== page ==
The band focused on touring in 2010, when Alexander once again left the band. Claypool and LaLonde turned to former drummer Jay Lane; the band went back into the studio to work on a new full-length. In 2011, Primus released their seventh album, Green Naugahyde. Three years later, the band followed up with Primus & the Chocolate Factory with the Fungi Ensemble, an album that found the band reuniting with drummer Alexander to cover the iconic soundtrack to the 1971 film Willy Wonka and the Chocolate Factory. In 2017 they returned with yet another literary-influenced album, The Desaturating Seven, which was inspired by Italian author Ul de Rico’s children’s book The Rainbow Goblins. Included on the album was the single “The Seven.”

In 2022, the band issued their first new music in five years with the politically charged three-song EP Conspiranoia, which featured the 11-minute title track. ~ Stephen Thomas Erlewine & James Christopher Monger, Rovi




Photo By Adam Messler

When he’s not fronting Tool and A Perfect Circle, Midwest-bred singer/songwriter Maynard James Keenan exorcises his solo demons with a third project dubbed Puscifer. As an outlet for the darker and more personal musings that don’t quite fit into the Tool and APC molds, Puscifer blends introspective reflection and sophomoric humor in a way that is distinctly Keenan, apparent in the titles of releases such as the 2007 debut V Is for Vagina, 2013’s Donkey Punch the Night, and 2015’s Money $hot. By 2020, in light of world events, Keenan and company buckled down and got a little more serious for their fourth set, Existential Reckoning.

While one might imagine Keenan would have enough going on to keep him busy as vocalist for Tool and A Perfect Circle, in 2007 he decided to branch out with a project called Puscifer. Described by Keenan as “the space where my Id, Ego, and Anima all come together to exchange cookie recipes,” Puscifer first appeared as the name of a fictional band Keenan fronted in a cameo on the HBO sketch comedy series Mr. Show in 1995. It wasn’t until 2003 that Keenan actually recorded under the name, when he teamed up with Danny Lohner for a track called “Rev 22:20” for the Underworld soundtrack. Four years later, he set to work on an entire Puscifer album. Organized less as a traditional “rock band” and more as a musical collective in which Keenan could work with a rotating lineup of like-minded artists, Puscifer’s early recording projects featured a large cast of noted musicians, including Tim Alexander from Primus, Tim Commerford and Brad Wilk from Audioslave and Rage Against the Machine, former King Crimson member Trey Gunn, violinist Lisa Germano, pop singer/songwriter Jonny Polonsky, and actress and vocalist Milla Jovovich.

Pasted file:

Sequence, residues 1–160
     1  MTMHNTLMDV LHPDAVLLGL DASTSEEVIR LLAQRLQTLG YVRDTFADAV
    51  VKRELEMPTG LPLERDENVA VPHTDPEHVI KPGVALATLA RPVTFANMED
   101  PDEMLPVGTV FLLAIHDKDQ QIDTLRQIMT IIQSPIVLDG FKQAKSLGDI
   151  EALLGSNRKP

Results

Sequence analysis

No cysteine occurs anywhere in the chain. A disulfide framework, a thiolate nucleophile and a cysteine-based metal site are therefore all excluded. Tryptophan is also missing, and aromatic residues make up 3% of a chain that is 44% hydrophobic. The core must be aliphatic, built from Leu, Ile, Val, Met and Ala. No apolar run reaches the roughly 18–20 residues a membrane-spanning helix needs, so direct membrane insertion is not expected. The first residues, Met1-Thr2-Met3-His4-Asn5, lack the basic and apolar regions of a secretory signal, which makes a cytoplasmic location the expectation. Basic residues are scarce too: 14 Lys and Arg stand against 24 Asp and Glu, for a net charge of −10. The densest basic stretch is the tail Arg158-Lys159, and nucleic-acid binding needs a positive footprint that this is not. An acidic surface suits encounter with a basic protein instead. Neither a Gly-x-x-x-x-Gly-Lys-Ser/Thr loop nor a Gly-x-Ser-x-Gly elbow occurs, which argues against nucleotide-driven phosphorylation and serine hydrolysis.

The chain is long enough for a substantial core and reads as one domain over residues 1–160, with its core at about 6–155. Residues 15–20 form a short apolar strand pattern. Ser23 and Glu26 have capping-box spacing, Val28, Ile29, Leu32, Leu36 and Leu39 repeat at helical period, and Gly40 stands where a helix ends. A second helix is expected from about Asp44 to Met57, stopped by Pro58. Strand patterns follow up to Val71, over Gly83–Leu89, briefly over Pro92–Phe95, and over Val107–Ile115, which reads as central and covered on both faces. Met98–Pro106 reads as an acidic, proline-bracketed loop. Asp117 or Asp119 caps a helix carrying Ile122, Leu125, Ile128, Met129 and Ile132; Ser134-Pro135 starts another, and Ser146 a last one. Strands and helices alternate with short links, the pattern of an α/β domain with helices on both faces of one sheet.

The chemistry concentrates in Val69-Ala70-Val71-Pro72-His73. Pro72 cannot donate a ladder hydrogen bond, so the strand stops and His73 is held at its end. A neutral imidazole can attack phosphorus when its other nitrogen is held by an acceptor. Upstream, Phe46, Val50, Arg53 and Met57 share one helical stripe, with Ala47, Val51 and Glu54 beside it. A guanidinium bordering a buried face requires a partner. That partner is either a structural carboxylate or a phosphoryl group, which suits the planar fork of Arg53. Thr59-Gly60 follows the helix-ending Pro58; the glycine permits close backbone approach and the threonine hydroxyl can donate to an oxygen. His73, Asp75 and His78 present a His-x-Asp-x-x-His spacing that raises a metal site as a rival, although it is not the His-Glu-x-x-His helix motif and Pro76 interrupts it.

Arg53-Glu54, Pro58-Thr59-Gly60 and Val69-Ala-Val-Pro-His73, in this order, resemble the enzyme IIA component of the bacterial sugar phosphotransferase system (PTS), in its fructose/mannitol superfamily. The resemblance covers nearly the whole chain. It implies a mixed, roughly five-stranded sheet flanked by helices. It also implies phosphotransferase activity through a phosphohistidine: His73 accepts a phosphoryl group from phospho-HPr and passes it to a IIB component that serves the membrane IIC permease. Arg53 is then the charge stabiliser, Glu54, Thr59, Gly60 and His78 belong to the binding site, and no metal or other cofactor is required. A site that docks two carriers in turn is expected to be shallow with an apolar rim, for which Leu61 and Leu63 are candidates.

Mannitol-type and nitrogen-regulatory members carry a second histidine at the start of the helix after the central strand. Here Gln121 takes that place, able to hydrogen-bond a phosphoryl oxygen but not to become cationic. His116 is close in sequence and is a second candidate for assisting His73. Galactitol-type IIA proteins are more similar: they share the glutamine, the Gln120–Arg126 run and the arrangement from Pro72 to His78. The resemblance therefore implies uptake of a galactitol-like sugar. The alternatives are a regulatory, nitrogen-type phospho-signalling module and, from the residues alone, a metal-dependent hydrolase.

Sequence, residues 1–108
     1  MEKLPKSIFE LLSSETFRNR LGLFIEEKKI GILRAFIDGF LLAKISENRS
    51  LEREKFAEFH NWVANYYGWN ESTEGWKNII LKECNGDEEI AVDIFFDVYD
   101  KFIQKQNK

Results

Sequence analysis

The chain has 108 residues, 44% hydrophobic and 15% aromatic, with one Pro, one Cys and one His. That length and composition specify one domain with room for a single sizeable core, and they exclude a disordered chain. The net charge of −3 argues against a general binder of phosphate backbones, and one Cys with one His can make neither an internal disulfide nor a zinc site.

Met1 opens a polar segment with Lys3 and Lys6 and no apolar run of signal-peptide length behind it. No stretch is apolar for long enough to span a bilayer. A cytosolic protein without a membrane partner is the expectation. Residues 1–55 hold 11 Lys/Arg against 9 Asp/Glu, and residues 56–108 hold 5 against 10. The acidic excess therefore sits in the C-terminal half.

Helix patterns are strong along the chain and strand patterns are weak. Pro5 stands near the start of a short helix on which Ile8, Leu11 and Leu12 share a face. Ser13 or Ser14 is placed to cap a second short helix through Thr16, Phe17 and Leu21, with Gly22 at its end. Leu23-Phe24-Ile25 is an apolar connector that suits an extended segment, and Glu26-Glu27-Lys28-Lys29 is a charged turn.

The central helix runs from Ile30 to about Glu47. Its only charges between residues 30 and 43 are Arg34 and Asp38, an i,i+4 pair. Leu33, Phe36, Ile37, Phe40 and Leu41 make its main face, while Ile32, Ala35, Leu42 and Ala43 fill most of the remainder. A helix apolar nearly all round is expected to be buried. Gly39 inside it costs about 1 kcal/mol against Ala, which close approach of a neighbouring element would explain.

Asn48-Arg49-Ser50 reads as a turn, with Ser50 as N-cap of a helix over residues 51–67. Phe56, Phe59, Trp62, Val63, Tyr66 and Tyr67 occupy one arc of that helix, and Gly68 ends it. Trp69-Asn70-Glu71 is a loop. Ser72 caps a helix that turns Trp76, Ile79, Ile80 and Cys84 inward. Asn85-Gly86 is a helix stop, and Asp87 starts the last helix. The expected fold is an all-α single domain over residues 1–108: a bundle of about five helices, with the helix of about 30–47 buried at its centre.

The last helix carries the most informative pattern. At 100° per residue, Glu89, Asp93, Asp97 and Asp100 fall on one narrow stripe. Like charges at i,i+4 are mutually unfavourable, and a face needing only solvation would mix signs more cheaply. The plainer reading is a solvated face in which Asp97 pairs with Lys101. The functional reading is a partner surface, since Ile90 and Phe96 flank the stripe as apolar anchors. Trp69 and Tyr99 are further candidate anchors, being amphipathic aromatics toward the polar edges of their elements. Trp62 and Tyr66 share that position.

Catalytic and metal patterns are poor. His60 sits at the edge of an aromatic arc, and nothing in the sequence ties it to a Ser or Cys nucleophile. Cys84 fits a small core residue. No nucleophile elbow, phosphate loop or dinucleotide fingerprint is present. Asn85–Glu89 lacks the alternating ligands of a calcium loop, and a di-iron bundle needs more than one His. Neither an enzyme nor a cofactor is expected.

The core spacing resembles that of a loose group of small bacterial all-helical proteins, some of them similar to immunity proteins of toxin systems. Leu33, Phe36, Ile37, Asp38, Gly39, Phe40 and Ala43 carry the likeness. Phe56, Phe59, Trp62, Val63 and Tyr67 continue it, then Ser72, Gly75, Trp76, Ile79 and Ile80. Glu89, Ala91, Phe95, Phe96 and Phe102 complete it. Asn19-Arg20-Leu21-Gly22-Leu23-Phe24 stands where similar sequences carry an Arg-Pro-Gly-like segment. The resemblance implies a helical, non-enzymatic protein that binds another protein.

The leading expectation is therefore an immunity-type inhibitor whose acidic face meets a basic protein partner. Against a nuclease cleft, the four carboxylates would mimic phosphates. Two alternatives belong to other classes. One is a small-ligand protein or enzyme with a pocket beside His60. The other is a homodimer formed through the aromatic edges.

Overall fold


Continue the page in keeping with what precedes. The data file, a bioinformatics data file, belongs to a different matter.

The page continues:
The first product of Puscifer’s new life was a single issued in early October 2007; the A-side was “Cuntry Boner,” a gleefully offensive song originally recorded by Electric Sheep (a short-lived punk band featuring Adam Jones and Tom Morello years before they would respectively join Tool and Rage Against the Machine), while the flipside was a cover of the Circle Jerks‘ “World Up My Ass.” Later the same month, Puscifer’s debut album, V Is for Vagina, was released; like the single, it was issued in the United States by Keenan’s own Puscifer label, and it featured ten original songs, many of which were dominated by slow but potent dance grooves rather than Tool‘s prog metal textures. Keenan said the group had no immediate plans to tour, but he was collaborating with several filmmakers on short movies based on the songs, which could be shown at live performances. In April 2008, a remix album titled V Is for Viagra: The Remixes was released and featured contributions from members of Nine Inch NailsTelefon Tel AvivMinistry, and Slipknot, among others.